Today is Black Wednesday, a very significant day on the South African media calendar, but not many people seem to know that.
In fact, there are so few people commemorating this day, you would be forgiven for not knowing what it is.
What is ‘Black Wednesday’?
According to a statement released by the country’s public broadcaster, Black Wednesday marks the banning of The World and Weekend World newspapers along with numerous black political organisations on 19 October in 1977. These events were followed by the subsequent detention of journalists and political activists.
“Black Wednesday is a significant day in the South African media calendar, serving as a constant reminder of the vital role that media plays in promoting democracy in South Africa,” said the South African Broadcasting Corporation (SABC) in a statement.
The SABC is among the local organisations commemorating this day. Others include the Right2Know and the Government Communication and Information System (GCIS).
“The SABC has made great strides in achieving media freedom following the repressive measures and contempt for freedom of expression displayed during the tumultuous time of apartheid. The public broadcaster has successfully reclaimed its rightful space as the primary news provider in the country following its repositioning with the tagline ‘Independent and Impartial’ in 2018,” added the SABC.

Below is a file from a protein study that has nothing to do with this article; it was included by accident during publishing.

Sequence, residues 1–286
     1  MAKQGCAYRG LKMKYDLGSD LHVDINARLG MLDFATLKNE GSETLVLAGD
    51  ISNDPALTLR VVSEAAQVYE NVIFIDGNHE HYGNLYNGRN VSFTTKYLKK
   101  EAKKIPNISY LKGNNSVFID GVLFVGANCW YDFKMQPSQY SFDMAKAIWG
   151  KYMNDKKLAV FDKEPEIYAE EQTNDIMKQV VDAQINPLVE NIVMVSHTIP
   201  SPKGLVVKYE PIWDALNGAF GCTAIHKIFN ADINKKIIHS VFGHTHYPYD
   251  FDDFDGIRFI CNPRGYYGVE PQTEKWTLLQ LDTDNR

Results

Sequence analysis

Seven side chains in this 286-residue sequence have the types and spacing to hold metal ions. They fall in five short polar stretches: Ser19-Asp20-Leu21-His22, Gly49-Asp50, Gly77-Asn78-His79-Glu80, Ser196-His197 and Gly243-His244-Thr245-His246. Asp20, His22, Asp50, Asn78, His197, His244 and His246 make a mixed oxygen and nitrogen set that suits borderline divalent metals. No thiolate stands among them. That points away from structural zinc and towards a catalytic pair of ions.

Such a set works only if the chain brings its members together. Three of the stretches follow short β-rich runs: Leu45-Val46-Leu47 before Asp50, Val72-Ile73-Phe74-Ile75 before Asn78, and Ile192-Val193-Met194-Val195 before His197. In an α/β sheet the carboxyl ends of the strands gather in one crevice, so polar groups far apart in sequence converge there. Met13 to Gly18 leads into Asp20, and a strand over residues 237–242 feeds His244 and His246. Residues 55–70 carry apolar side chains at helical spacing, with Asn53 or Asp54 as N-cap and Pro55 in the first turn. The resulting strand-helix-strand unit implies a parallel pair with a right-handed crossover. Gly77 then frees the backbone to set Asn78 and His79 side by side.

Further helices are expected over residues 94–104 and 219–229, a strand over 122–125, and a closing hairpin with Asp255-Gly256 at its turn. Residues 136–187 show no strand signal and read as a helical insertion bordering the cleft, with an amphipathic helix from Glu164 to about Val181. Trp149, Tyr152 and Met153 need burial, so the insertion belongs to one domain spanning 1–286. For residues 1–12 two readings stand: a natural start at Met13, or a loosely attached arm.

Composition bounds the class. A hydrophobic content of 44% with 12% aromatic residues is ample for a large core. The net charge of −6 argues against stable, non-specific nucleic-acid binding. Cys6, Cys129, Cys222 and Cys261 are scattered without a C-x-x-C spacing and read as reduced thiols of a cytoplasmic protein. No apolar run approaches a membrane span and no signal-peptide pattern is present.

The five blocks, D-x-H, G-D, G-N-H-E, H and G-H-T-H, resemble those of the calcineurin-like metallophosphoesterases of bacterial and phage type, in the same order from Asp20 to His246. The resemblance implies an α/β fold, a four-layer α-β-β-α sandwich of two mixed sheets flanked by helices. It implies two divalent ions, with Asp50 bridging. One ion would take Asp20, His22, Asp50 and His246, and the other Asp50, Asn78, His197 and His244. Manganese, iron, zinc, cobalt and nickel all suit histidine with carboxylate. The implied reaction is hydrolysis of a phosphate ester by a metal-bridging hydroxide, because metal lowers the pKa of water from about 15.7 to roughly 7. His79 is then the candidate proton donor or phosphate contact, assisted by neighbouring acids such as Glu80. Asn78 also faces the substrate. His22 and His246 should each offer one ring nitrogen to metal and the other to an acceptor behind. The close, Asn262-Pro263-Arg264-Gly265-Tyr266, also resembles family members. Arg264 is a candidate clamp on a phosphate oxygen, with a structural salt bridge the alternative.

“It has also been an advocate for freedom of expression and media freedom which are fundamental cornerstones of our democracy.”
The broadcaster also touted its news and current affairs programming and reassured audiences of its intention to continue to reaffirm its role and impact as a credible news provider which abides by the principle of journalism, in providing news that is factual, accurate, fair, and objective.
“On this day, it is important to reiterate the corporation’s position in delivering unrivalled and unrestrained news and current affairs coverage independently and impartially. It is also befitting to acknowledge all the SABC journalists, past and present, who have worked tirelessly to deliver credible and impartial news to the South African citizenry,” concluded the SABC.
“With the looming local government elections, the SABC remains more committed to the realisation and promotion of media freedom whilst providing its audiences with news content that is accurate, fair and unrestrained.”
Compiled by Kaunda Selisho